Bladder cancer is a disease in which cancer cells form in the tissues of the bladder. The fifth most common cancer in Canada, with close to 9,000 new cases every year, bladder cancer ranks as the fourth most common cancer in men and twelfth most common cancer in women*. Because bladder cancer is most frequently diagnosed in the older population, those supporting elder care, such as home care services and live in caregivers, need to ensure that they know what symptoms to watch for.
As with several forms of cancer, early detection is key. When bladder cancer is found in the early stages, the prognosis can be quite positive for patients. Unfortunately, bladder cancer is often unrecognized, so it is very important to create awareness surrounding this particular type of cancer.
Three Things You Might Not Know About Bladder Cancer
How much do you know about bladder cancer? The following information can help you gain understanding and awareness, not only for yourself, but for any elderly loved ones you may be caring for.
1. Types Of Bladder Cancer.
Bladder cancer can be diagnosed as either non-muscle-invasive or muscle-invasive. Non-muscle-invasive is the more common form of the disease and means that the cancer hasn’t grown into the surrounding muscles of the bladder.
Muscle-invasive bladder cancer is more aggressive and is considered life threatening. About 25 percent of people are diagnosed with this more aggressive type of bladder cancer.
2. Factors That Put You At Risk For Bladder Cancer
As mentioned above, men are more likely to get bladder cancer than women. However, other risk factors that can increase the likelihood of being diagnosed with this disease are:
• Smoking: Cigarette smokers are two to three times more likely than non-smokers to get bladder cancer.
• Working environment: Workers in the rubber, chemical, and leather industries are more likely to have been exposed to carcinogens in the workplace. Occupations such as hairdressers, machinists, metal workers, printers, painters, textile workers, and truck drivers have also been determined to have higher risk factors.
• Age: The chance of getting bladder cancer increases as people get older. People under the age of 40 rarely get this disease.
• Family history: People with family members who have had bladder cancer are more likely to get the disease.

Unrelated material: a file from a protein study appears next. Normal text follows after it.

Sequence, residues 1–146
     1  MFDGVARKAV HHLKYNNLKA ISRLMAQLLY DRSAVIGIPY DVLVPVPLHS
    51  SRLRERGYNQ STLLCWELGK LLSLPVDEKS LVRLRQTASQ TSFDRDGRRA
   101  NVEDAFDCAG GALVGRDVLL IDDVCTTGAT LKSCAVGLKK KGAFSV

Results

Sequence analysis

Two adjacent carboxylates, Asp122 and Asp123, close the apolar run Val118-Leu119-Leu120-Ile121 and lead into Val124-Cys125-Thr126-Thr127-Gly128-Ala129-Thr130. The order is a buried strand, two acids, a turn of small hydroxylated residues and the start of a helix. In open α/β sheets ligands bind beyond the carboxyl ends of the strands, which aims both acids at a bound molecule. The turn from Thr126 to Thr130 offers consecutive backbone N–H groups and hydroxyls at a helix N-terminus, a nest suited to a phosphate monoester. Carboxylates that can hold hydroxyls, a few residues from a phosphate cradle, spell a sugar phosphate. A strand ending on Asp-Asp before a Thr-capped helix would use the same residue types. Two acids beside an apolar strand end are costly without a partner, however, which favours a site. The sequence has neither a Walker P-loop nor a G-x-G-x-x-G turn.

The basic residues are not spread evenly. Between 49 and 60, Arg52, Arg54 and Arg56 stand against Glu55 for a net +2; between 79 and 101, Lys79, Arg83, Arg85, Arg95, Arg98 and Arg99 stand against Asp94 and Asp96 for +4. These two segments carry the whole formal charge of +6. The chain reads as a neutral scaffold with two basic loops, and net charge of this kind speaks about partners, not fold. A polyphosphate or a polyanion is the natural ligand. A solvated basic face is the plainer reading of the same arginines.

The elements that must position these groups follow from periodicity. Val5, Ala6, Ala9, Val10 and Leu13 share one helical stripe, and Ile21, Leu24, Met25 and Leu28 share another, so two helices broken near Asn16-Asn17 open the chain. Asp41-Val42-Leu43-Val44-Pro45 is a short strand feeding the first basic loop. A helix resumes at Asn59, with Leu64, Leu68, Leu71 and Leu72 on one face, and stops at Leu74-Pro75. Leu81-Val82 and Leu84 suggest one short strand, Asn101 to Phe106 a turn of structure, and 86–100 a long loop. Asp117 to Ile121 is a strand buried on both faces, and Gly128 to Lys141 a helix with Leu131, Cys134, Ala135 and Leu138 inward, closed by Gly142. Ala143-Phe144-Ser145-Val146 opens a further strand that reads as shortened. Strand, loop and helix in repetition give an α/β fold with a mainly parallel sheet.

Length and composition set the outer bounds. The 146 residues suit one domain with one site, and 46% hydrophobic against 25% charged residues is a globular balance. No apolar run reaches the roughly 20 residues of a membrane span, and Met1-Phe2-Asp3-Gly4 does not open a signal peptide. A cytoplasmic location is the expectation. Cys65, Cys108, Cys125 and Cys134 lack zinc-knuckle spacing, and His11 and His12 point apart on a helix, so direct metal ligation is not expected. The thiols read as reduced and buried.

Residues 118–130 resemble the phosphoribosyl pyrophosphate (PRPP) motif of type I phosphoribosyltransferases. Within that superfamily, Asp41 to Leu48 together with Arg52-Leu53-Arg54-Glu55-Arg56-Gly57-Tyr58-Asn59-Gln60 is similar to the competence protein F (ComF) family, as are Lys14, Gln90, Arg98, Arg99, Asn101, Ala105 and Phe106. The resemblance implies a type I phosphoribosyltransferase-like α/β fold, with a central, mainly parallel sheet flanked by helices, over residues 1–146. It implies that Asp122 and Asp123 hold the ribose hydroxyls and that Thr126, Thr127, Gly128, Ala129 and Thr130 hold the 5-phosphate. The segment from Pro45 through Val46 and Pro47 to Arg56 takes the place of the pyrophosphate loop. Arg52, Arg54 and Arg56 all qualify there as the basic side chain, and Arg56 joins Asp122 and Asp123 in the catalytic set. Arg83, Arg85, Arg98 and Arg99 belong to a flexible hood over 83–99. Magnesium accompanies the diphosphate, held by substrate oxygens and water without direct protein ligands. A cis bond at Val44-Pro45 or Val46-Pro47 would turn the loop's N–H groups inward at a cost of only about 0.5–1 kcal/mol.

3. Symptoms Of Bladder Cancer.
Home care services, live in caregivers, and family caregivers should look for these symptoms of bladder cancer in the elderly.
• Finding blood in the urine is the most common symptom in bladder cancer patients and occurs in more than 80 percent of cases. It is possible that some people can have blood in their urine once and then not again for several months. So, it is highly recommended that if you see blood in your urine to seek medical attention immediately.
• Pain during urination which can be caused by bladder spasms or a burning sensation.
• An increased urgency or frequency to urinate.
• Back, pelvic or groin area pain.
Although these symptoms can also be indicative of an infection, bladder stones, or other problems, it is highly advised that those experiencing any of the symptoms listed see a doctor quickly. The faster a diagnosis is made, the faster treatment can begin.
For more information on bladder cancer, visit Bladder Cancer Canada.
How To Support Your Health And Limit Your Risk Factors.
It can be scary to think about being diagnosed with something as serious as bladder cancer. One of the best ways to protect yourself against disease is to live a healthy lifestyle that includes exercise, a healthy diet, and positive mental health. If you are struggling to take care of all of your mental and physical needs, don’t be afraid to reach out for help.
As you age, it may be necessary to find additional support to manage health and wellness. iCare Home Health offers home care in Oakville and the surrounding areas. We can provide support and companionship that leads to a better quality of life. iCare team members have specialized knowledge and experience, and will observe, record and report any noticeable changes in your loved one’s health and home environment. If home care in Oakville or the surrounding areas sounds like it may be the right option for you and your family, please contact us.